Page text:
Fordham Rowers Receive All-American DesignationsContact: Patrick Verel
The accolades keep rolling in for Fordham University rowers.
First, the women’s team captured a bronze medal
in the lightweight four at the IRA Regatta on June 6. Next, two rowers on the men’s lightweight eight boat were named All-Americans, capping off a stellar season.
Junior Ryan Kirlin received a 2008 All-American First Team designation from the American College Rowing Association (ACRA). Senior Andrew Leonardi was named to the 2008 ACRA All-American Second Team.
The rowers were nominated by Fordham rowing coach Ted Bonnano, who noted that ACRA includes roughly 100 teams with 20 to 100 members on each roster.
“They only pick 27 All-Americans out of about 1,000, so it’s a pretty significant achievement,” he said.
He wasn’t shocked, though, considering the team’s lightweight eight boat started the 2008 season unranked but won each of its competitions, including the prestigious Dad Vail Regatta in Philadelphia on May 9 and 10. That led to an invitation to the IRA Regatta, collegiate rowing's de facto national championship, where the boat placed fourth in its heat.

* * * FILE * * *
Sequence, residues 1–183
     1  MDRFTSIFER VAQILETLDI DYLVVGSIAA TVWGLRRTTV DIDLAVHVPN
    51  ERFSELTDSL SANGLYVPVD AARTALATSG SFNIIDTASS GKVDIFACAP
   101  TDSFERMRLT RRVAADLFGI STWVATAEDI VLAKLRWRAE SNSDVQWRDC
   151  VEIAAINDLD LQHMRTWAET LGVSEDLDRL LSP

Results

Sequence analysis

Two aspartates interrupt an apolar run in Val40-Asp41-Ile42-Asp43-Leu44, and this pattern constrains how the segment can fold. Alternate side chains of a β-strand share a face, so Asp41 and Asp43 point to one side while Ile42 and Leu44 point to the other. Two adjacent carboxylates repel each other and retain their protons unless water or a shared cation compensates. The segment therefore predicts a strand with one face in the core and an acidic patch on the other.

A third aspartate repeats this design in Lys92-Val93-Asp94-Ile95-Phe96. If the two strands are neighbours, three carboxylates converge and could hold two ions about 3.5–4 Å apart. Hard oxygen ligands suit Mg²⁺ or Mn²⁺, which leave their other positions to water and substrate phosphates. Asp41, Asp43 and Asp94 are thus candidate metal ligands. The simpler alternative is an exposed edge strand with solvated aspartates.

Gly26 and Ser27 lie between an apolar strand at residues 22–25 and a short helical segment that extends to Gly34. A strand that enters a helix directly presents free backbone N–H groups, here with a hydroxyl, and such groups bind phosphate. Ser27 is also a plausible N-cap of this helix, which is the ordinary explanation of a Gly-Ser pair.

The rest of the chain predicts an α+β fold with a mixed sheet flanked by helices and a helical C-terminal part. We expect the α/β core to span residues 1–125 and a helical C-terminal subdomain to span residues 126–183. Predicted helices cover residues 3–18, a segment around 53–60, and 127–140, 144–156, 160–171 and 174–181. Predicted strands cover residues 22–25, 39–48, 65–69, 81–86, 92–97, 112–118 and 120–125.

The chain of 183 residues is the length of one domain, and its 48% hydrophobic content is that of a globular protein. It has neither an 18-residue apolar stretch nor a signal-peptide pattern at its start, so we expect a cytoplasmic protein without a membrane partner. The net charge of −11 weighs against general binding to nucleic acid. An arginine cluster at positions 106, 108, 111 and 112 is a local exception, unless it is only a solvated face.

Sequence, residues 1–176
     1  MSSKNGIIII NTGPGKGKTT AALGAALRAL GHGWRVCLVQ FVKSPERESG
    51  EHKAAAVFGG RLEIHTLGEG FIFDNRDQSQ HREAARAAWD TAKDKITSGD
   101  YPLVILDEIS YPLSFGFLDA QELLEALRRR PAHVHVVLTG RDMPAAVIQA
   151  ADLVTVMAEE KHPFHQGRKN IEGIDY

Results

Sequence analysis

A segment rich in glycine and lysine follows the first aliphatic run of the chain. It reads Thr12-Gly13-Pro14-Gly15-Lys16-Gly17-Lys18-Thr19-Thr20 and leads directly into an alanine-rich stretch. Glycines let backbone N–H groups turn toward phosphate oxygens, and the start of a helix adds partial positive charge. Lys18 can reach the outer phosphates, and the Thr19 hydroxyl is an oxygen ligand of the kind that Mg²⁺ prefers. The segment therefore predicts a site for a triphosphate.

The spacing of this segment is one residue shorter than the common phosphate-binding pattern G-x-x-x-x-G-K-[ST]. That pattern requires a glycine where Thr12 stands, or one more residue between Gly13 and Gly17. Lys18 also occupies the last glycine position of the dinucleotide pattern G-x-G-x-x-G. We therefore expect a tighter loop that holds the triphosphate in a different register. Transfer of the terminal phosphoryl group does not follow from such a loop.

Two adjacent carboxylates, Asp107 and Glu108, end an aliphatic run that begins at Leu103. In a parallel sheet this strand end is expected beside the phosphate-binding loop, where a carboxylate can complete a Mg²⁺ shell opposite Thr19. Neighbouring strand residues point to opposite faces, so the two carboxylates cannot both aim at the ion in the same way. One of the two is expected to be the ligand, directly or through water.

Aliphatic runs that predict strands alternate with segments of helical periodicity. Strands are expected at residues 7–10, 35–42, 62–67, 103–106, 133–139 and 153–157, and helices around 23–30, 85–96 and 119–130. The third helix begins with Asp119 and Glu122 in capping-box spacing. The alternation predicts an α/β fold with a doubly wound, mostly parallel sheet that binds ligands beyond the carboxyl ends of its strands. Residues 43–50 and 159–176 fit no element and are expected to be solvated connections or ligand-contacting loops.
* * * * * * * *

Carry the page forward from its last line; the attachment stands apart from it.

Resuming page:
“Ryan is just phenomenally good; he’s probably one of the top lightweight rowers in the country,” Bonnano said.
Although this was Leonardi's last year on the team, Kirlin will return in the fall, as will a third rower who Bonnano nominated to be an All-American. The coach said he expected Kirlin to be the center of another strong, focused and motivated team next season.
“We always have a good mix; these guys came in with four years of solid high school experience,” he said. “Rowing is a sport where skill is important, but it takes both power and endurance. It’s not like cross country, where it’s all endurance, or football, where it’s all strength. Some of these guys can run six-minute miles.”
Founded in 1841, Fordham is the Jesuit University of New York, offering exceptional education distinguished by the Jesuit tradition to approximately 14,700 students in its four undergraduate colleges and its six graduate and professional schools. It has residential campuses in the Bronx and Manhattan, a commuter campus in Westchester, and the Louis Calder Center Biological Field Station in Armonk, N.Y.